Dismiss Notice
Join Physics Forums Today!
The friendliest, high quality science and math community on the planet! Everyone who loves science is here!

Homework Help: Finding Half-Life

  1. Jan 25, 2007 #1

    I have a relatively simple question. I'm just wondering, with half-life problems, how could I solve something like the following:

    Isotope: 226Ra
    Half-life: 1620 years.
    Initial Quantity: X (Solve for this)
    Amount after 1000 years: 1.5g

    Where I'm supposed to find the initial quantity.
    Wouldn't a part of the equation be something like: .5 = e^1620r, where r is the rate of decay? I'm using natural log to try to get the rate: ( ln(.5) / 1620 ) = r
    When I punch that in to the calculator, I get huge number and it leads me to believe that I'm messing up somewhere.
  2. jcsd
  3. Jan 25, 2007 #2


    User Avatar
    Homework Helper

    For your decay constant, (which is what I think you really want. Decay rate* is different, and it isn't interchangeable with decay constant), you have to remember it is exponential decay, so be careful to get +/- stuff right. The decay constant should be a small number.

    To now find the initial quantity, you must set up your exponential equation again, showing the relationship for the amount of material remaining from what you started with, using the decay constant you just found.

    *Decay rate is also referred to as the activity of a radioactive source. The decay constant doesn't change, it is a property of the isotope. But the decay rate (activity) decreases by half after one half-life.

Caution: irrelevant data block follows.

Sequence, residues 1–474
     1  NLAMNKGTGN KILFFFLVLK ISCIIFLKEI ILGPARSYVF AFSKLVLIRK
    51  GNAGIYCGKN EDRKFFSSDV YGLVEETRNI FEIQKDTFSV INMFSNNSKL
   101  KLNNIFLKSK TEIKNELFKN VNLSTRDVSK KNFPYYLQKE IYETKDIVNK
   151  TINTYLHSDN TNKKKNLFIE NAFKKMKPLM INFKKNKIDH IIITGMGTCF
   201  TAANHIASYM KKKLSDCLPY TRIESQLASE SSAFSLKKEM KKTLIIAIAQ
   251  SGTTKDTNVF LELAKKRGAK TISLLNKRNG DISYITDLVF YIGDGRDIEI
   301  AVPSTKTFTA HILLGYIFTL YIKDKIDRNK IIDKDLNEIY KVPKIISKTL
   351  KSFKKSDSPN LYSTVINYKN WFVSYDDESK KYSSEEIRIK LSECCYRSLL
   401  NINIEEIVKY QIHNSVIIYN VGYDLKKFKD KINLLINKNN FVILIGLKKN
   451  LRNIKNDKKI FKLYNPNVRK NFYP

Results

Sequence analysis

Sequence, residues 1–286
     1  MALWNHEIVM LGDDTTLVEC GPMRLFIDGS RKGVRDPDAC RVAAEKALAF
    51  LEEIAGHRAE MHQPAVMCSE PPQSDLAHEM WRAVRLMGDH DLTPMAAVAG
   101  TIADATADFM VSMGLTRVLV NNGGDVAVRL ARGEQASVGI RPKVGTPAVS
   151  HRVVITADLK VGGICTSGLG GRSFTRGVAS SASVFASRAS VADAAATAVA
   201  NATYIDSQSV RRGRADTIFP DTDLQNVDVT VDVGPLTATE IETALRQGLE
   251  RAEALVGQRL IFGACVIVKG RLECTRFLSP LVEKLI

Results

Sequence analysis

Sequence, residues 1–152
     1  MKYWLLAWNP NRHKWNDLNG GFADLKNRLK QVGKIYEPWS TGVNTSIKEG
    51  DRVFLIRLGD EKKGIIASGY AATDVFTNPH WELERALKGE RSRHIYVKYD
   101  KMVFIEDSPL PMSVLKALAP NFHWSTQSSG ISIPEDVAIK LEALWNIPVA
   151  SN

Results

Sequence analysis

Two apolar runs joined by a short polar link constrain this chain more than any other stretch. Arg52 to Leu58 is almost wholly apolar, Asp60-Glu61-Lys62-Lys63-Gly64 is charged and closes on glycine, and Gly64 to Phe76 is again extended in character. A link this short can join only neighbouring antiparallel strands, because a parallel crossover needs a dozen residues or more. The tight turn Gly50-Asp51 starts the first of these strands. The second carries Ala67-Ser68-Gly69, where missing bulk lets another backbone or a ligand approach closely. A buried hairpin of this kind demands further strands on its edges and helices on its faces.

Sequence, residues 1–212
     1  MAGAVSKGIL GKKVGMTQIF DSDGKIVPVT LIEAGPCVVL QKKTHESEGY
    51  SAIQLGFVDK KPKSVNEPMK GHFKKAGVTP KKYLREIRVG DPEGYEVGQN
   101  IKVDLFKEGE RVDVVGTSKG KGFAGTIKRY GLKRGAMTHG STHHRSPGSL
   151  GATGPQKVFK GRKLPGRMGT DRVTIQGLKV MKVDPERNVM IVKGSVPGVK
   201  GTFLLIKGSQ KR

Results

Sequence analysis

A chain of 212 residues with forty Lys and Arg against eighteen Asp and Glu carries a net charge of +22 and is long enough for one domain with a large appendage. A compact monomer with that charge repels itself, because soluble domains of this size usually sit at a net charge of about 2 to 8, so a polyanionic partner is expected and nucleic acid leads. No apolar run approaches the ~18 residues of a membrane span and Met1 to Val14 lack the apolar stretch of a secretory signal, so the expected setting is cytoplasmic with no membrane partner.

4. Jan 26, 2007 #3


    User Avatar
    Science Advisor

    You know that the basic equation if A= Cekt. You are told that the half life is 1620 years. So you know that A(1620)= Ce1620k= (1/2)C. The C's cancel (of course) so e1620k= 1/2. Solve that for k. Now use Ce1000k= 1.5, with known k, to solve for C.

    Actually because this is a "half life" problem, it might be better to write the function as [itex](\frac{1}{2})^x[/itex] rather than [itex]e^x[/itex]. (They are interchangeble:[itex](\frac{1}{2})^x= e^{xln(1/2)}[/itex].)
    If T is the half life then the amount is multiplied by 1/2 every T years. There are t/T "periods of T years" in t years and so, in t years, the amount would be multiplied by 1/2 t/T years: with given half life 1620 years, [itex]X= C(\frac{1}{2})^{t/1620}[/itex]. Now use [itex]X(1000)= C(\frac{1}{2})^{1000/1629})= 1.5[/itex] to solve for C.
Share this great discussion with others via Reddit, Google+, Twitter, or Facebook